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Chechnya: Khasavyurt Accords Failed To Preclude A Second War

By Liz Fuller

PRAGUE, August 30, 2006 (RFE/RL) -- On August 6, 1996, as OSCE Grozny Mission head Tim Guldimann was seeking to mediate talks between Chechen resistance fighters loyal to acting President Zelimkhan Yandarbiyev and the Russian military, the Chechen forces launched a major attack on Grozny, taking control of the city within days.

On August 12, Russian President Boris Yeltsin dispatched his recently appointed Security Council secretary, Aleksandr Lebed, to Grozny for talks on a cease-fire with Aslan Maskhadov, chief of staff of the Chechen resistance forces. Over the next few days, Maskhadov met several times with the acting Russian military commander, Lieutenant General Konstantin Pulikovsky, but successive tentative agreements they reached on a cessation of hostilities were routinely ignored.

Then, on 22 August, Maskhadov and Lebed met in the village of Novye Atagi south of Grozny, and during eight hours of talks drafted and then signed a nine-point cease-fire agreement -- to take effect at noon on August 23 -- on the technical aspects of demilitarization, including the withdrawal of both sides' forces from Grozny and the creation of a joint headquarters to preclude looting in the city.

Eight days later, late on August 30, Lebed met again with Maskhadov, this time in Khasavyurt, Daghestan, close to that republic's border with Chechnya. After hours of negotiations, Maskhadov and Chechen Vice President Said-Khasan Abumuslimov, for the Chechen side, and Lebed and one of his deputies, Sergei Kharlamov, for Russia, signed a declaration and a document entitled "On the Principles for Determining the Bases of Bilateral Relations," universally known thereafter as the Khasavyurt accords.

Agreeing Not To Agree

The preamble to the declaration declared that it reflected the shared desire to create "mutually acceptable preconditions for a political solution to the armed conflict." Those accords detailed measures for normalizing the situation in Grozny. They also envisaged the withdrawal of all federal forces from Chechnya by December 31, 1996. And crucially, they stipulated that a formal agreement on the controversial question of the relations between the Chechen Republic Ichkeria and the Russian federal government need not be signed until late 2001.

They did not, however, address with any finality the issue of Chechen independence. "The Khasavyurt agreement has been interpreted, including by some international experts, as a proof of the Russian recognition of Chechnya's independence," Guldimann, the former OSCE mission head, told RFE/RL on the occasion of the accords' 10th anniversary. "I wouldn't read such a thing in this agreement. The wording was not that clear. There were some references of dealing with each other according to international law, but that in itself does not mean the recognition of independence."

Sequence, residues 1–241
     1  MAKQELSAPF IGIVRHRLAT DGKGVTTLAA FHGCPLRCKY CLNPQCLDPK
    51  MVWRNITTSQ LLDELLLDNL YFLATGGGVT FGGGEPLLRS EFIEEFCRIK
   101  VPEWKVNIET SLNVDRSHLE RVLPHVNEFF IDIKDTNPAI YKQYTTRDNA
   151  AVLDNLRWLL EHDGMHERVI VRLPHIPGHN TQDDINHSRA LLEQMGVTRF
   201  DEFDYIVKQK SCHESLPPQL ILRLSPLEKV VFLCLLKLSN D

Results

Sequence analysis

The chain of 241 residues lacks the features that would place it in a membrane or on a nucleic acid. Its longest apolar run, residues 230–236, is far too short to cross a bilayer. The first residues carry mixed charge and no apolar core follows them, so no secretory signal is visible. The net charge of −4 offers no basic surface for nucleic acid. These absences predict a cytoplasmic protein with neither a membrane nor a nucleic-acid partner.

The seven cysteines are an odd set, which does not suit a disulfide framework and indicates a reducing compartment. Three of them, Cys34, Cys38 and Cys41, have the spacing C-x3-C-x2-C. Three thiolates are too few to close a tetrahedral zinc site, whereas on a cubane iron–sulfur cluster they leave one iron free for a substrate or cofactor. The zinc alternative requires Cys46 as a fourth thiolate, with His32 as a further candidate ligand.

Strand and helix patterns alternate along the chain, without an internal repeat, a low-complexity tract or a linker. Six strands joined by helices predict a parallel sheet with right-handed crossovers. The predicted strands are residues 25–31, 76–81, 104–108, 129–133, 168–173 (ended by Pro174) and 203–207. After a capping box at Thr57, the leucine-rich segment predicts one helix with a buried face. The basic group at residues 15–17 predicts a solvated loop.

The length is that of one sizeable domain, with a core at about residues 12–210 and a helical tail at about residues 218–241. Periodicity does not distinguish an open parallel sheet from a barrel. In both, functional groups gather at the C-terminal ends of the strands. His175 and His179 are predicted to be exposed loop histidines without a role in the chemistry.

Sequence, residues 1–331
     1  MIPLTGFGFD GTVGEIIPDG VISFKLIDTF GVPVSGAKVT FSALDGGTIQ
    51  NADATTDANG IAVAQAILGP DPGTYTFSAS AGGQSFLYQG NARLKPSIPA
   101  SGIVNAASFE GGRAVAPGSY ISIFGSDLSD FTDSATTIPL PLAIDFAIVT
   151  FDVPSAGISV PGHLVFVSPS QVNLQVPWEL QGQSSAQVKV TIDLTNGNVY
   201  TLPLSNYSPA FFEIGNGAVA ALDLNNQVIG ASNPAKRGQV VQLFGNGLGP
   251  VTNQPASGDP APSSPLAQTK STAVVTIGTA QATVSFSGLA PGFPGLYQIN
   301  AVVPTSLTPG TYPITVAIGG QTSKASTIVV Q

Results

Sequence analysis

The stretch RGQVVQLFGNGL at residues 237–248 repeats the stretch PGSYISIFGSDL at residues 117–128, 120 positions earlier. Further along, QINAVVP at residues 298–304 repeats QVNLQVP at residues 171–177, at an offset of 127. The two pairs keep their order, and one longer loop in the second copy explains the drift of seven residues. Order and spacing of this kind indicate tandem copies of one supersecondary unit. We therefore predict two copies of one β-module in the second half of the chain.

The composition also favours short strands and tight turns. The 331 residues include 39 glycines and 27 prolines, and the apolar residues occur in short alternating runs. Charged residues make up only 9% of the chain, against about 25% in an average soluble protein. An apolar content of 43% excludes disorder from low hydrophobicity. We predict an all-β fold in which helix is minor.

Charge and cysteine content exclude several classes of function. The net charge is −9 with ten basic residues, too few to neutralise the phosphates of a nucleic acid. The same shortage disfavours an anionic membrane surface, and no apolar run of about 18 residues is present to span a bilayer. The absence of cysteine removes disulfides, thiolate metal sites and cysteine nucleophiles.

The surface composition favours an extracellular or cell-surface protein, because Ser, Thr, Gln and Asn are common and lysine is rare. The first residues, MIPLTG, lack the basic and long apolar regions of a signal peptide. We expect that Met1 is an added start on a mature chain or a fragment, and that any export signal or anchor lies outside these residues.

In an article published on October 23, 1996, in the Russian daily "Nezavisimaya gazeta," Russian State Duma Deputy Galina Starovoitova cited international precedents for delaying a decision on a region's formal status, such as that on the reunification of the German Democratic Republic and the German Federal Republic. Lebed, according to Starovoitova, had cited the example of the French overseas territory of New Caledonia. At the same time, Starovoitova noted the urgent need to form new power structures in Chechnya.

Misplaced Optimism

The Khasavyurt accords paved the way for the signing of two further agreements between Russia and Chechnya. In mid-November 1996, Yeltsin and Maskhadov signed an agreement on economic relations and on the payment of compensation to Chechens who had been "affected" by the 1994-96 war. Six months later, Maskhadov, who was elected Chechen president in January 1997 in a ballot monitored by the OSCE and acknowledged by the international community as free and democratic, traveled to Moscow where he and Yeltsin signed a formal treaty "on peace and the principles of Russian-Chechen relations" that Maskhadov predicted would demolish "any basis to create ill-feelings between Moscow and Grozny."

But Maskhadov's optimism proved misplaced. Over the next two years, despite all his efforts, many of Maskhadov's former comrades-in-arms set out to undermine his authority and transform Chechnya into a state based on Islamic law. After those radicals, led by field commander Shamil Basayev, launched their ill-fated incursion into Daghestan in the summer of 1999, the beginning of a new war, and with it the irrevocable eclipse of the hopes engendered by the Khasavyurt accords three years earlier, were only a matter of time.

Officials like Guldimann who were involved in the negotiations say the accords, despite their unavoidable limitations, achieved what they set out to do. The Khasavyurt agreement, he conceded "led to a politically unstable situation in Chechnya after the total withdrawal of Russian military forces, which then led to a confrontation later on in 1999." But the agreement itself, he added, "made the maximum of what was realistically possible. It left open certain questions, but it would be wrong to say that the agreement would have lasted if it had been better drafted."

Copyright (c) 2006. RFE/RL, Inc. Reprinted with the permission of Radio Free Europe/Radio Liberty, 1201 Connecticut Ave., N.W. Washington DC 20036. www.rferl.org



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